Only TSEA, as noted by the district court, has been "accorded the privilege of a dues checkoff" under the statute in question. 516 F.Supp. at 610. This "disparate treatment," or favored status of TSEA, was the basis on which Judge Wiseman set aside portion of the law. Id. at 610.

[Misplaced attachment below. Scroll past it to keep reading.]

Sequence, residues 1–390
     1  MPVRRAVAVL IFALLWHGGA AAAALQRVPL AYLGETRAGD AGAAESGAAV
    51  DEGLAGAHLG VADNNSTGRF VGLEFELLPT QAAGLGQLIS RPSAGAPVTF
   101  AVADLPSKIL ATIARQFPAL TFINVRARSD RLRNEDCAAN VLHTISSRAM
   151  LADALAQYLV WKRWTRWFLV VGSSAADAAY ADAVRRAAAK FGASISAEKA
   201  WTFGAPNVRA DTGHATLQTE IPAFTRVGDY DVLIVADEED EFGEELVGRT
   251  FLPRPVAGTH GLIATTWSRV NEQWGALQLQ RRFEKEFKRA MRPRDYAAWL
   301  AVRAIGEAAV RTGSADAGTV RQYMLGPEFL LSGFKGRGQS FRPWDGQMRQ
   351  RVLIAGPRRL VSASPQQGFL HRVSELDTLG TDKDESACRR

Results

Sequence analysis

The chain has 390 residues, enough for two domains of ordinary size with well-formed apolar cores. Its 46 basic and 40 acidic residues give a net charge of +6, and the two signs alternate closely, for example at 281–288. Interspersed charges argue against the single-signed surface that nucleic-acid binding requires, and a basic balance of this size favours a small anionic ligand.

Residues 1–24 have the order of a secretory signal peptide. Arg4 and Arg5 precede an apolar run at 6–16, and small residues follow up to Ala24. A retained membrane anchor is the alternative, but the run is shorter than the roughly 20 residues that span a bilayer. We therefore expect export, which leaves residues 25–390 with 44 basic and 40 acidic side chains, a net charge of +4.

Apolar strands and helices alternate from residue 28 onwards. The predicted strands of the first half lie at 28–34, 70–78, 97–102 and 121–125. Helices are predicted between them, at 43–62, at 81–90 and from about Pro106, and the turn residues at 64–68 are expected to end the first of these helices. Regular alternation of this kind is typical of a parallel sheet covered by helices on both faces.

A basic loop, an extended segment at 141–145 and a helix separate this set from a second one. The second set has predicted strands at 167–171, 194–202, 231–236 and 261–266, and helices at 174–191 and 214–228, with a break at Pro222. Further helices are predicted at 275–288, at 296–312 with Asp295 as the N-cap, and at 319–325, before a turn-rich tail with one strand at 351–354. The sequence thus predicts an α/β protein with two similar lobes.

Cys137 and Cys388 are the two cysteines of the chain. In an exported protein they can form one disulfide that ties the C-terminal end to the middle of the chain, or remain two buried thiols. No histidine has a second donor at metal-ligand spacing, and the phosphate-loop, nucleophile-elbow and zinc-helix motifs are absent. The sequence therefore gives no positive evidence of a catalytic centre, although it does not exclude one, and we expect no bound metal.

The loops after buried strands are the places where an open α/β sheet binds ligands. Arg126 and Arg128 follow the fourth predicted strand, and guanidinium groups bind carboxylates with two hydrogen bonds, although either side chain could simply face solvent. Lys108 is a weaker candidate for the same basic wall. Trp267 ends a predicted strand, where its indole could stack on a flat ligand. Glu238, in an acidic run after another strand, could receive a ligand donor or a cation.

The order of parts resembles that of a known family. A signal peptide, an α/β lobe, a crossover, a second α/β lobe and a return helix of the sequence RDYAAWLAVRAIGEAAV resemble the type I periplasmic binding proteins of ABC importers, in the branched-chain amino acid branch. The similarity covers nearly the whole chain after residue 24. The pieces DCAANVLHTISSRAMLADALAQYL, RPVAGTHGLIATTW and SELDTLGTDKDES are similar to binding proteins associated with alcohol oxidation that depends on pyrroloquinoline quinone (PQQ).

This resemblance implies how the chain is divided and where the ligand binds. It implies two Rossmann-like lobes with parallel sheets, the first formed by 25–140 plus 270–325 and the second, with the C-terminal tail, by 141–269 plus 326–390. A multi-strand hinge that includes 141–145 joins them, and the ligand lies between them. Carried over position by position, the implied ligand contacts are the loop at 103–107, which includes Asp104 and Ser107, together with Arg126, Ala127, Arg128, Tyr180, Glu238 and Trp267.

Plaintiffs' standing to bring this action and to seek the relief of striking down the statute is first challenged. Local 2173 had allegedly enjoyed some kind of de facto dues checkoff status prior to enactment of the statute. After the law became effective, it no longer enjoyed this benefit alleged to be a vital one, because of the numerosity condition imposed ("20% of the employees in the executive branch of state"). Local 1308 takes the position that this minimum 20% requirement makes it unlikely that it will ever attain the dues checkoff. Defendants take the position that since neither of these local unions even attempt to meet the unchallenged criteria of section 1, subsections (1)-(3), inclusive, they are in no position to challenge the 20% requirement of subsection (4). These subsections (1)-(3) relate to an organization's granting membership to "all regular employees in the Executive Branch of state government" (subsection 1), granting the "same rights and privileges of membership to all employees who seek membership" (subsection 2), and providing "the same kind ... of services to all members regardless of ... position" (subsection 3). The state defendants argue that since local 1308 and 2173 confine their membership to only certain state employees at particular institutions, or in a particular department, they cannot meet the requirements of the first three subsections, which are not challenged as unconstitutional. We agree with the district court on the issue of standing, however, that plaintiffs challenge a statute that allegedly causes them direct injury, and that challenge, if successful, may redress the asserted injury. Plaintiffs, moreover, challenge the entire statute in controversy as discriminatorily favoring only one employee association. Standing of plaintiffs is satisfied under the rationale of Simon v. Eastern Ky. Welfare Rights Organization, 426 U.S. 26, 96 S.Ct. 1917, 48 L.Ed.2d 450 (1976), and Village of Arlington Heights v. Metropolitan Housing Dev. Corp., 429 U.S. 252, 261, 97 S.Ct. 555, 561, 50 L.Ed.2d 450 (1977), because plaintiffs challenge that part of the statute also that imposes a percentage or numerosity requirement, as well as other sections dealing with independence and affiliation with out-of-state labor organizations.